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  2. Greetings everybody, I'm new to this forum and this will be my first post! A track I finished today, inspired by the legend of Merlin and Arthur. Any feedback would be appreciated, enjoy!
  3. I've been working on and off on a piano sonata in the classical style (Mozart/early Beethoven inspired). I've previously posted the first movement awhile back and greatly appreciated the helpful feedback on it. This is a rough draft of the final movement, intended to be in sonata-rondo form. I have a bit of a block, so the ending so it's kind of perfunctory and I definitely intend to rework it. Also I wonder if some of the harmonies are a little off. Thanks for listening!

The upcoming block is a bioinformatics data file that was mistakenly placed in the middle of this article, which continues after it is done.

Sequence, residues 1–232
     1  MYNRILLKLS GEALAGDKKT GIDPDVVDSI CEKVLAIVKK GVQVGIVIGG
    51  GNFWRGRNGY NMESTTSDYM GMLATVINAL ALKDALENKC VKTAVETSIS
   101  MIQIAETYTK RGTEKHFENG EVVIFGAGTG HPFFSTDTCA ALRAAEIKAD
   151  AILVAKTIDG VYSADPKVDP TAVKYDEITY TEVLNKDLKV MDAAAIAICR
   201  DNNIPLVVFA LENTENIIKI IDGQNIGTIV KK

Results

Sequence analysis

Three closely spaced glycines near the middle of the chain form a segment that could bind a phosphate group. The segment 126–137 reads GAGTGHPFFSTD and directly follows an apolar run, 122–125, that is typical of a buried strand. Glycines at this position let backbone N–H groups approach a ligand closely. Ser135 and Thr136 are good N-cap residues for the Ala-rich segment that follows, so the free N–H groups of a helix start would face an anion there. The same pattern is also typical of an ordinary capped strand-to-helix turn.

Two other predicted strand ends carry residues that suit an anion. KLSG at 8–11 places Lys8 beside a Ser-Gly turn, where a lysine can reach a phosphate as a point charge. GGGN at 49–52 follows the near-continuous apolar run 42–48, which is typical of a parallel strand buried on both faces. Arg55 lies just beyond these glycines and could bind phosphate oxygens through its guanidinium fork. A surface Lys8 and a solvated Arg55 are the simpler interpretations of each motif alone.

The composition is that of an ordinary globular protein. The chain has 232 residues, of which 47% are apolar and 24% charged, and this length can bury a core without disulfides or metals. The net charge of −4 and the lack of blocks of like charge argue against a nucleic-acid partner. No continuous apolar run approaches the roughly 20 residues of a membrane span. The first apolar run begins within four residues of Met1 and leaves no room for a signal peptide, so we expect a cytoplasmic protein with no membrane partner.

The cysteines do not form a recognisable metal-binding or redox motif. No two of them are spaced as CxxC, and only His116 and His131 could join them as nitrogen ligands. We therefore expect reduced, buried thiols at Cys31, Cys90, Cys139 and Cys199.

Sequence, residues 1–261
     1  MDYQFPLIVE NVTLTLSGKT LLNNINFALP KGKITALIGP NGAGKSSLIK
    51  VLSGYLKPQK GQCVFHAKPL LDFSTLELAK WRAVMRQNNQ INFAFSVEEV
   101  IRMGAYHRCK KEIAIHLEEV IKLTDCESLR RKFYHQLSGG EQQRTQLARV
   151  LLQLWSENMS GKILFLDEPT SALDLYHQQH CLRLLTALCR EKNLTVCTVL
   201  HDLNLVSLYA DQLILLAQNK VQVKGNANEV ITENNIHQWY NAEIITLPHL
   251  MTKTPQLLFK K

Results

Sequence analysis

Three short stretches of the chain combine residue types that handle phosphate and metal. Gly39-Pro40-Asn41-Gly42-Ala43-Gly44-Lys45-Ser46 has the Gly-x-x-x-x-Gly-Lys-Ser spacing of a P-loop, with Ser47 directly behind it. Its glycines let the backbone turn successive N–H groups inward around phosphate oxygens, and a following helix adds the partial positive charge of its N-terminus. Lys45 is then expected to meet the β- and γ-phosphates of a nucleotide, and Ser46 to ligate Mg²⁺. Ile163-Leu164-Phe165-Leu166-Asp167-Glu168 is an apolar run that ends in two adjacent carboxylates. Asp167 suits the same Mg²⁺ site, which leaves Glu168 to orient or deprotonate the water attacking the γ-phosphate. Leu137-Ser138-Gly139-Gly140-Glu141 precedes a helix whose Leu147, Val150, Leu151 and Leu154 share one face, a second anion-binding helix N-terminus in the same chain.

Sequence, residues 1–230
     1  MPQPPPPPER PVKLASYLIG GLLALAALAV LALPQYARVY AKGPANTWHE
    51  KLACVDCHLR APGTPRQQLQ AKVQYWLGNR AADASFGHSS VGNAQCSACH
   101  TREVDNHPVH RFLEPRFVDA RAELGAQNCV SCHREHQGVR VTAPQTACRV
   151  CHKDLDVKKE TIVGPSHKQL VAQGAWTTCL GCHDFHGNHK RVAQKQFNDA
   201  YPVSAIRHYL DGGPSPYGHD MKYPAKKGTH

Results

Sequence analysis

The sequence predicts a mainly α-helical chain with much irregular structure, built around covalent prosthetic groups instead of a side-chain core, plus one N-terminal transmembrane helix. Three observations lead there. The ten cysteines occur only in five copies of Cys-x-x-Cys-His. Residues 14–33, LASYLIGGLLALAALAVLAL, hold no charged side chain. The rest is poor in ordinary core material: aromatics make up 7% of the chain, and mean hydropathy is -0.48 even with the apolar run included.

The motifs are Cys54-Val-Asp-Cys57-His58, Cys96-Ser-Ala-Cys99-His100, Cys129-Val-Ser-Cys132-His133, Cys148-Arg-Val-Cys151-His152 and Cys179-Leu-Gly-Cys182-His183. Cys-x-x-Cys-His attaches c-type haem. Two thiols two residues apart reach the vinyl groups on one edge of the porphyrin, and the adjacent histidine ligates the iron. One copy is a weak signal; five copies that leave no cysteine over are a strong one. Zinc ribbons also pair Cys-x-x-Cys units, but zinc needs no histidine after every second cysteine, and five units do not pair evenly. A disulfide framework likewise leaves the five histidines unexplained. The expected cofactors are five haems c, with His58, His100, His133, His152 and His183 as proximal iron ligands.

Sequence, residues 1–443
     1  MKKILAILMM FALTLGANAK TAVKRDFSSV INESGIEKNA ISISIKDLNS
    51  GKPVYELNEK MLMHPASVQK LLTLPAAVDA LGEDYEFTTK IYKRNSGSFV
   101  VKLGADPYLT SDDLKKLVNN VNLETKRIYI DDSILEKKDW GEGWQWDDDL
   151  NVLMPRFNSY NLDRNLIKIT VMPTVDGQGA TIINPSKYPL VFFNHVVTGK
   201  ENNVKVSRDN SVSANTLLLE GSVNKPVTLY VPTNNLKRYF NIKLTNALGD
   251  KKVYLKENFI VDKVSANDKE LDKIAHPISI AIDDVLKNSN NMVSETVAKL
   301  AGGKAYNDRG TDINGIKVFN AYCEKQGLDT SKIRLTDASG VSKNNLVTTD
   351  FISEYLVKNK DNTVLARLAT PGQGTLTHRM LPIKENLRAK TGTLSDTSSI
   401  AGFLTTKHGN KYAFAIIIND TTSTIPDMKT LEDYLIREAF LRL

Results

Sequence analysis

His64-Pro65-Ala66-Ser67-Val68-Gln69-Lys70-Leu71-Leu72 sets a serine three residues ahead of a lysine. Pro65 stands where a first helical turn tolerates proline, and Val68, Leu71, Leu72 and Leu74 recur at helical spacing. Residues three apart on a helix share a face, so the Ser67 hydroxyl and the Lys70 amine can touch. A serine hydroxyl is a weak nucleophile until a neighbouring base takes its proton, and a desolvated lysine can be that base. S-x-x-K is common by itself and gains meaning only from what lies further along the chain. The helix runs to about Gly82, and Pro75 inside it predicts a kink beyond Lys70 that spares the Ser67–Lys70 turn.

4. Today
  5. Below is the fourth prelude. my prelude in C# minor. I view C# minor as a very unstable key. no idea why and I tried to reflect that in this piece. Leave thoughts down below much appreciated 馃檪
  6. Hello T贸nsk谩ld, I was very glad to read your words, Thank you ! (I made some small changes in the score, mainly based on the suggestions from DirkH)
  7. Yesterday
  8. And I'll repeat. "About 99% of what's worth saying can't be put into words. Talking about what music sounds like is useless. But it does keep all these musicologists and hangers-on - failed composers and artists, most of them - off the welfare queue, doesn't it?" By the way, I couldn't find any of your compositions on the site. Have you a link to any (music (that you have composed)). That's the limit of anything of which you can inform me in a reply, thank you.